prays thy faithful friend the Bard.
Montgomery's Peggy. (305)
TUNE-Galla-Water. ALTHO'my bed were in yon muir
Amang the heather, in my plaidie, Yet happy, happy would I be,
Had I my dear Montgomery's Peggy. When o'er the hill beat surly storms,
And winter nights were dark and rainy; I'd seck some dell, and in my arms
I'd shielter dear Montgomery's Peggy. Were I a baron proud and high,
And horse and servants waiting ready, Then a’'twad gie o' joy to me,
The sharin't with Montgomery's Peggy.
Bunny Prggy Sllisunt. (306)
And I'll kiss thee o'er again;
My bonnie Peggy Alison;
I ever mair defy them, O; Young kings upon their hansel throne
Are no sae blest as I am, O!
Tibbir, I hae srrn thr Dan. (304)
Ye wad na been sae shy;
But, trowth, I care na by.
But fient a hair care I.
Whene'er ye like to try.
That looks sae proud and high.
And answer him fu' dry.
Be better than the kye.
When in my arms, wi' a' thy charms,
I clasp my countless treasure, 0, I seek nae mair o' Heaven to share,
Than sic a moment's pleasure, O! And by thy een, sae bonnie blue,
I swear I'm thine for ever, O! And on thy lips I seal my vow,
And break it shall I never, O!
Erre's ta thn Pralth, my Bonny Lass.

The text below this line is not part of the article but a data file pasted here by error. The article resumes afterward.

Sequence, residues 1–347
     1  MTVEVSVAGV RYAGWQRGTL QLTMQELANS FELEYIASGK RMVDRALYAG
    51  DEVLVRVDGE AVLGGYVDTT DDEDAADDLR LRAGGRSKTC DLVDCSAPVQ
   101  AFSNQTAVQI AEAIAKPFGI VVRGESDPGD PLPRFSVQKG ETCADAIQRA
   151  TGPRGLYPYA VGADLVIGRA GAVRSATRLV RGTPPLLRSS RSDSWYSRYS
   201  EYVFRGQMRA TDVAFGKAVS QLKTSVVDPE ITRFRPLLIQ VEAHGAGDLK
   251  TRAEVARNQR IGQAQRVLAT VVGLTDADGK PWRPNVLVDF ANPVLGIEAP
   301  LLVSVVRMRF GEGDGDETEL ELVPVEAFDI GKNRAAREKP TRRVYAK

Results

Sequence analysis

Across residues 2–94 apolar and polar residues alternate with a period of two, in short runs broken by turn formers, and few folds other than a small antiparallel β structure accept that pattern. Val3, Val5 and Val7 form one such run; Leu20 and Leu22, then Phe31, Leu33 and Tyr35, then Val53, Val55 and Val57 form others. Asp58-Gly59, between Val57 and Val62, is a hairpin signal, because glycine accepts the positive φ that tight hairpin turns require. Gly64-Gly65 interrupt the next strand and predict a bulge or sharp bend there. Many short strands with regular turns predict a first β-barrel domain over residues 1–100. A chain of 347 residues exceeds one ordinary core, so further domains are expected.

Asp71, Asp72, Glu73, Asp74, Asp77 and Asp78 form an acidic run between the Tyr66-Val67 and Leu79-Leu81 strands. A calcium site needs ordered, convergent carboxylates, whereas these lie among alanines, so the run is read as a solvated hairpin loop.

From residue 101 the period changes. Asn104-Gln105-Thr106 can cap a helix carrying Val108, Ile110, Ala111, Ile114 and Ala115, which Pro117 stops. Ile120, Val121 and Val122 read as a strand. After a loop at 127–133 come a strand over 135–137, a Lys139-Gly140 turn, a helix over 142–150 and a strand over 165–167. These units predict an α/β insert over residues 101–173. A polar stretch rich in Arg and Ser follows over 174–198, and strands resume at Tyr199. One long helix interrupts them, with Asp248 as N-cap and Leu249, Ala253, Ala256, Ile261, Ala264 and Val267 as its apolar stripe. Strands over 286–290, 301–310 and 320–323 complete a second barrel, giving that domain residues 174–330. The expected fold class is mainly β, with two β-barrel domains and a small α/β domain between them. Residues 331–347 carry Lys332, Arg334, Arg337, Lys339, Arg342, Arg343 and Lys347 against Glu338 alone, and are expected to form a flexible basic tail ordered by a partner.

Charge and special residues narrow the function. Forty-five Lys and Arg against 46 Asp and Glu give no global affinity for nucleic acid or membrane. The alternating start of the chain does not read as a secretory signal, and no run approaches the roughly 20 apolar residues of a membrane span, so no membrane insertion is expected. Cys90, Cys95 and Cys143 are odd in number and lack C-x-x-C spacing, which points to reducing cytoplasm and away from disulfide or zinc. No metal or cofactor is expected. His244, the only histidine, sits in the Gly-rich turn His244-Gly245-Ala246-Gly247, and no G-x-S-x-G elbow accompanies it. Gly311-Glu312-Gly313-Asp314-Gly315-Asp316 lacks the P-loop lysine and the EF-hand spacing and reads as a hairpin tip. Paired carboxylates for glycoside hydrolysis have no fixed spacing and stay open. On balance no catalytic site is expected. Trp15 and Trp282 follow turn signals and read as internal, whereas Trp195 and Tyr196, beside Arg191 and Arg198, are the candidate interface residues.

TUNE-Laggan Burn. HERE's to thy health, my bonnie lass,
Guid night, and joy be wi' thee; I'll come nae mair to thy bower-door,
To tell thee that I loe thee:
Oh dinna think, my pretty pink,
Detraction's eye no aim can gain, But I can live without thee :
Her winning powers to lessen; I vow and swear I dinna care
And fretful envy grins in vain How lang ye look about ye.
The poison'd tooth to fasten. Thou’rt aye sue free informing me
Ye pow'rs of honour, love and truth, Thou hast nae mind to marry;
From ev'ry ill defend her; I'll be as free informing thee
Inspire the highly-favour'd youth, Nae time hae I to tarry.
The destinies intend her: I ken thy friends try ilka means,
Still fan the sweet connubial flame Frae wedlock to delay thee;
Responsive in each bosom, Depending on some higher chance